SGA Photo

The SGA office in the Student Union on Monday, Sept. 7, 2020.

The Student Government Association (SGA) is an on-campus legislative liaison between students and university administration, but many students aren’t aware of the organization's role or even who their representatives are.

“Sometimes students don't take advantage of the opportunities to meet the candidates, Dean of Students Margarita Perez, the faculty advisor for SGA, said. “I think in some ways there's personal responsibility... making sure as a voter, I have a personal responsibility to make sure I know what I'm voting for (and) who I'm voting for.”

According to Perez, SGA is a mechanism for students to make their voice heard in regards to university decisions.

“The SGA is really the voice of students,” Dean of Students Margarita Perez, the faculty advisor for SGA, said. “And so, their job is to advocate for students in ways that provide for a better academic experience, a better engagement experience and an overall better college experience.”

Some of the programs that have been supported and/or sponsored by the SGA include Campus Cupboard and the Red Dot Discount Program, an agreement between businesses and the university. 

“SGA provides a lot of services and students aren't always aware of them,” Bethany Sistrunk, the Vice President of SGA said. “So it's always a goal of mine to spread the word about those services that are available and make sure that students are taking advantage of everything that's offered to them.”

SGA is set up to run like a mini-government for the university in that it has elected officials that follow a constitution, vote on bylaws and listen to students’ concerns.

Unlike the larger governments of the state and the country, however, in SGA there is significantly less discourse. Sistrunk said she doesn’t believe this is an issue.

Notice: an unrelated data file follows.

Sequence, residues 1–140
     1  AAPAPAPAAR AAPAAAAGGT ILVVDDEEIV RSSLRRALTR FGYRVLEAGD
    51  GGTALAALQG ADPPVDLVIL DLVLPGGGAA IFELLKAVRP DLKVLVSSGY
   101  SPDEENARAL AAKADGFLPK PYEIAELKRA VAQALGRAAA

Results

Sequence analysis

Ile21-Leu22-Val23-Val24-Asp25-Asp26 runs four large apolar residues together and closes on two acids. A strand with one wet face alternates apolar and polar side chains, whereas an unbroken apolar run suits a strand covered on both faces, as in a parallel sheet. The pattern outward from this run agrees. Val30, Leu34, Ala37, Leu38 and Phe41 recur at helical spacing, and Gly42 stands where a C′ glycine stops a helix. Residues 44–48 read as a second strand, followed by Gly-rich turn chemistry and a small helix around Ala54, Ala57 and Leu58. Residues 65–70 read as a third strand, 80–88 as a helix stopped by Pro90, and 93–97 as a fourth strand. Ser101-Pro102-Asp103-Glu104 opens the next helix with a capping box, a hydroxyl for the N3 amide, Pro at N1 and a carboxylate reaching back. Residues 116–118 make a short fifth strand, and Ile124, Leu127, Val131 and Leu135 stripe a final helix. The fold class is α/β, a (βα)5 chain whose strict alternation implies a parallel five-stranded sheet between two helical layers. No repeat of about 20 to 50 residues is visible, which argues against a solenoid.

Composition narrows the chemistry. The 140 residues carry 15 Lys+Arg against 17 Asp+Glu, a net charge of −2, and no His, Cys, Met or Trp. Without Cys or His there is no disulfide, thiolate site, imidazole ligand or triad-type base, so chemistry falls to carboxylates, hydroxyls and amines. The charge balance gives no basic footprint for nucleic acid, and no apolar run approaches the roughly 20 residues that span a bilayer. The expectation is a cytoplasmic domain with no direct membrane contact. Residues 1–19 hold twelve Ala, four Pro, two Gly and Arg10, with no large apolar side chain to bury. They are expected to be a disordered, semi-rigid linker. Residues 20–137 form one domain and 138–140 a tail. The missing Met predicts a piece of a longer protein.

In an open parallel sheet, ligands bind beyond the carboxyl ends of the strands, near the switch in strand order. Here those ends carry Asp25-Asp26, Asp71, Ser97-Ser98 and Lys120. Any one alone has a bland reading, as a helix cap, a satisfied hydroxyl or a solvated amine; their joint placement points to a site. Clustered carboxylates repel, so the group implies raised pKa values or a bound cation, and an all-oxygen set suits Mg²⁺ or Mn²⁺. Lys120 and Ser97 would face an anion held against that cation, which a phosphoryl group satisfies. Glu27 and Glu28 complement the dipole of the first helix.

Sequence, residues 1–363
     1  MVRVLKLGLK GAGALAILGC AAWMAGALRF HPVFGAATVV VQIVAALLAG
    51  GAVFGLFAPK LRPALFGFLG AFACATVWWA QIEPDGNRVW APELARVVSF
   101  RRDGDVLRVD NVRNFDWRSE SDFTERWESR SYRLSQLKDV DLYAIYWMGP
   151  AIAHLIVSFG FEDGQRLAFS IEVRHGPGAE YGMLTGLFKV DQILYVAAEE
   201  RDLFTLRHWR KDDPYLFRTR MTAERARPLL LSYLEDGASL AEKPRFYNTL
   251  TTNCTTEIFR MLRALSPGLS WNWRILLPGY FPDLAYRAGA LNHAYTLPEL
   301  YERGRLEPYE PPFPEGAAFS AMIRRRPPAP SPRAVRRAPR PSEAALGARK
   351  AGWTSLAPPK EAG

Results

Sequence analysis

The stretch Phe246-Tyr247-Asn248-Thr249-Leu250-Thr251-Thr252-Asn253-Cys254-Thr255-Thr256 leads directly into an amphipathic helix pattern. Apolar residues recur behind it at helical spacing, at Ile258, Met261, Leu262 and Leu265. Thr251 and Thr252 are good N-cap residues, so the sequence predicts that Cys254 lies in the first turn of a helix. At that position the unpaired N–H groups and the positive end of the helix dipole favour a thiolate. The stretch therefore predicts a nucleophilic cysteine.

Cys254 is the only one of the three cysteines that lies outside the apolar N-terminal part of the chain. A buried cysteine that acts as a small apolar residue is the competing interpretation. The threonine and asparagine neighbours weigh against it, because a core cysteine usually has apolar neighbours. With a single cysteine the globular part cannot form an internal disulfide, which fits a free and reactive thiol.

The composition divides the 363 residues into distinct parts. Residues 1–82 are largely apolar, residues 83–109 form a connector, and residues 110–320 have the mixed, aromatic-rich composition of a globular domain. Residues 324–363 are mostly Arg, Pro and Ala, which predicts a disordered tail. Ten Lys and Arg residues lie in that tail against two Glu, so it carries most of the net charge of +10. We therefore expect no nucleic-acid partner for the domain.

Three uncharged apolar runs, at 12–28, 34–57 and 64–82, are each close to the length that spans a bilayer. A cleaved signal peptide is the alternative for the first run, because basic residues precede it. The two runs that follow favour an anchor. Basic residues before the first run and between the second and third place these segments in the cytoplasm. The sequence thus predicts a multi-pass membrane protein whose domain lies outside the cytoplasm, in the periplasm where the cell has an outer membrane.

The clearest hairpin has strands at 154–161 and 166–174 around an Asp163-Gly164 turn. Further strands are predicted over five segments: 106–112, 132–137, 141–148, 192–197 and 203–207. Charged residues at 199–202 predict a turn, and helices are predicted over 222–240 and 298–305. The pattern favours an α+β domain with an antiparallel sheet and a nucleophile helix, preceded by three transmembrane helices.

“A lot of times people do just vote yes because we have that money there and we want to give it to students as much as we possibly can,” Sistrunk said. “So usually there's not much debate when it comes to that because we want to fund those students to be able to go do those things. There's very rarely legislation that's controversial.”

SGA has also provided students with resources and encouragement to vote in the current election and has proposed that students are allowed an excused absence on election day. 

“I know there's a lot of student organizations who are encouraging students to vote right now, but I'm hoping that we can still make that impact and play a part, and encouraging students to go out and vote and take that time to vote, even if we don't have the day off from school,” Sistrunk said. 

“If they have to miss class to go vote but they say their excuse, ‘I was going to vote,’ they would be excused,” she said. “So, it wouldn't just be counted as absent by their professor. We've been trying to do that for students so they feel like they can go vote and they can take the time to do that.”

 

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